Taymiya R. Zaman received her BA, Philosophy, Smith College and her PhD in History (2007) from the University of Michigan, Ann Arbor. She joined the University of San Francisco in 2007. Her area of research expertise is Mughal India and her current research interests include historical memory in South Asia, the interconnectedness of life writing and history, and the transition from subjects to citizens in the Islamicate world. She has designed the History Department's "Islamic World" emphasis and teaches courses on the Ottoman, Safavid, and Mughal Empires and the making of modern South Asia and the Middle East. She also writes narrative non-fiction and fiction.
- PhD, History, University of Michigan, Ann Arbor
- BA, Philosophy, Smith College
A translation of Fathnama-i Chittor. In Empires of the Near East and India: Sources for the Study of the Safavid, Ottoman, and Mughal Societies, edited by Hani Khafipour. Columbia University Press, forthcoming 2016.
“A Hindu Soldier’s Aurangzeb.” In The Wire, India. 2016. http://thewire.in/2016/01/15/a-hindu-soldiers-aurangzeb-19341/
Nostalgia, Lahore, and the Ghost of Aurangzeb." Fragments: Interdisciplinary Approaches to the Study of Ancient and Medieval Pasts. 2015. http://hdl.handle.net/2027/spo.9772151.0004.001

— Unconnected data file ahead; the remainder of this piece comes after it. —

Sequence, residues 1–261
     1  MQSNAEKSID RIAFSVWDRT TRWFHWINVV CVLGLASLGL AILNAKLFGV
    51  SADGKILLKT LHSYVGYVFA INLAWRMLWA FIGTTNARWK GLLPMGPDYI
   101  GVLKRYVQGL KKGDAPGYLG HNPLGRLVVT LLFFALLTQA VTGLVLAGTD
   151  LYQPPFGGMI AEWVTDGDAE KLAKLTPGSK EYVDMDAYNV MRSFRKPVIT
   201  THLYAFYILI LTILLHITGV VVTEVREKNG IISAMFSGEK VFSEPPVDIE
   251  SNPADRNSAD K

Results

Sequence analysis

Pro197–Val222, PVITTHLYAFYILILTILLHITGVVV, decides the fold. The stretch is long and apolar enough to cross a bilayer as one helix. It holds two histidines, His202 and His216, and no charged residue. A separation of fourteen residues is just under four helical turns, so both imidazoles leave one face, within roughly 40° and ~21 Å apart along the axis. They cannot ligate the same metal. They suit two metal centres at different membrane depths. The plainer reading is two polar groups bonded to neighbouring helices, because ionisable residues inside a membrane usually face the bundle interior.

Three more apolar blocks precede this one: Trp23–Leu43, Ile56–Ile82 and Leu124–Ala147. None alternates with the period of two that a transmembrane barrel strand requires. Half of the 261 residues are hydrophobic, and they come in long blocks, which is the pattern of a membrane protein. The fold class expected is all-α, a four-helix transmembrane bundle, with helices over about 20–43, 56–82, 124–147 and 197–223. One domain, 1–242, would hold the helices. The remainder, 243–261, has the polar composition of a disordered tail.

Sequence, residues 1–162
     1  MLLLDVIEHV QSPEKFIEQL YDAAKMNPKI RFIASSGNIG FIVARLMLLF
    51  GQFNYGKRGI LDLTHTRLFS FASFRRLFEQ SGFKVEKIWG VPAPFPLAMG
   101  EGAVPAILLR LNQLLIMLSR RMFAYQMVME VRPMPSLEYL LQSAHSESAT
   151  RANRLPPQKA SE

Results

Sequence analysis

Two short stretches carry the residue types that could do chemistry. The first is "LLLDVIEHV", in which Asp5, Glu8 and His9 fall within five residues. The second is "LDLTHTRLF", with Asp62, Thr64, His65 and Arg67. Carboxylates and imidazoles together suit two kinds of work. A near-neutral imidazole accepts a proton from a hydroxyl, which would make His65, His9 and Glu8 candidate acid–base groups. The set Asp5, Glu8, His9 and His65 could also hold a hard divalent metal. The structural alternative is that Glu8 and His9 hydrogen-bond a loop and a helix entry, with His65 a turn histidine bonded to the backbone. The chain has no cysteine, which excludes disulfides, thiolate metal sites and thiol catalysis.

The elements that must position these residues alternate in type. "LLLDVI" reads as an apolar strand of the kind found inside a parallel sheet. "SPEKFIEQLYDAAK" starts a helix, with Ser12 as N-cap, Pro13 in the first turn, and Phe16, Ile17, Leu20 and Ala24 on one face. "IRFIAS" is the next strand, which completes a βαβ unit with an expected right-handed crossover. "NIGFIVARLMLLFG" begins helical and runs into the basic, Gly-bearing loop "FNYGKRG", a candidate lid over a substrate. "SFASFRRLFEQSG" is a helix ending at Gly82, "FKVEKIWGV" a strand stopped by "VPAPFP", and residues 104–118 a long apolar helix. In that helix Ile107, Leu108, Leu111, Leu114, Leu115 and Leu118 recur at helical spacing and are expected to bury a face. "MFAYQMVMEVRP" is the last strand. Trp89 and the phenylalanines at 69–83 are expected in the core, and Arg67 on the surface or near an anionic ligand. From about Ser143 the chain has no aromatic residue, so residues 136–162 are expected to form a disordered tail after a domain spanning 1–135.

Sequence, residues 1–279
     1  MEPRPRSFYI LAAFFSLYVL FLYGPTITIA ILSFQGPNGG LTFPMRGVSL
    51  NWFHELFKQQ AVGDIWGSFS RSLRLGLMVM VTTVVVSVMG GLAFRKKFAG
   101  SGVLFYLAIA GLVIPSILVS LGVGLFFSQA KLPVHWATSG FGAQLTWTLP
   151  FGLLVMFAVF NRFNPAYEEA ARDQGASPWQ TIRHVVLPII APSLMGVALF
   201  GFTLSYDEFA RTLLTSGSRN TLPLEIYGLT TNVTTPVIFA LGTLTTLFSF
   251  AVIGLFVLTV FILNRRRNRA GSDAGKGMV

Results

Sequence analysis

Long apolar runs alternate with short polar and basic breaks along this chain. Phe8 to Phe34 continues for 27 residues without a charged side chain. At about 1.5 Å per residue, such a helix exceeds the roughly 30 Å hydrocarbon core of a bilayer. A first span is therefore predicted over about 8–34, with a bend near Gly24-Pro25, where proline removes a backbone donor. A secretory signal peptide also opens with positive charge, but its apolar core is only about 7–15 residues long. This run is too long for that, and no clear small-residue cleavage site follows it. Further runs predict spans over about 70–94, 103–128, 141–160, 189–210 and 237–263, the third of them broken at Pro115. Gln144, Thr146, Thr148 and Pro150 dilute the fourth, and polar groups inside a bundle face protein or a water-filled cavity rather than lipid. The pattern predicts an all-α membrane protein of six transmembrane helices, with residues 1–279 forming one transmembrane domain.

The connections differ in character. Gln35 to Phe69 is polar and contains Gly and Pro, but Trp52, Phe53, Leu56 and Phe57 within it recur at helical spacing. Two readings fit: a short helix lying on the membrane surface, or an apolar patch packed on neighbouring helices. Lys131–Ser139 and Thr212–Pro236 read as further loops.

"I Speak for Myself: American Muslim Women's Confessional Writings and the Problem of Alterity," with Aysha Hidayatullah. Journal for Islamic Studies. 2013.
"Not Talking about Pakistan." In Critical Muslim 04: Pakistan?, edited by Zia Sardar and Robin Yassin-Kassab. Re-published in Tanqeed: A Magazine of Politics and Culture. 2012.
"Thirst: A Story." In Narrative Magazine. 2012. http://www.narrativemagazine.com/issues/fall-2012/thirst. Winner of Pushcart Prize, 2013.
"Visions of Juliana: A Portuguese Woman at the Court of the Mughals." Journal of World History. 2012.
"Muslims, Jews, and Religious Visibility on American College Campuses." In Friends and Foes: The Complexity of Current Jewish-Muslim Relations in the United States, edited by Reza Aslan and Aaron Hahn Tapper. Palgrave Macmillan. 2011.
"Instructive Memory: Auto/biography in Early Mughal India." Journal of the Economic and Social History of the Orient. 2011.
Review of William Dalrymple, The Last Mughal. Journal of British Studies. 2008.
Review of Sikata Banerjee, Make Me a Man: Masculinity, Hinduism, and Nationalism in India. Studies in Ethnicity and Nationalism. 2008.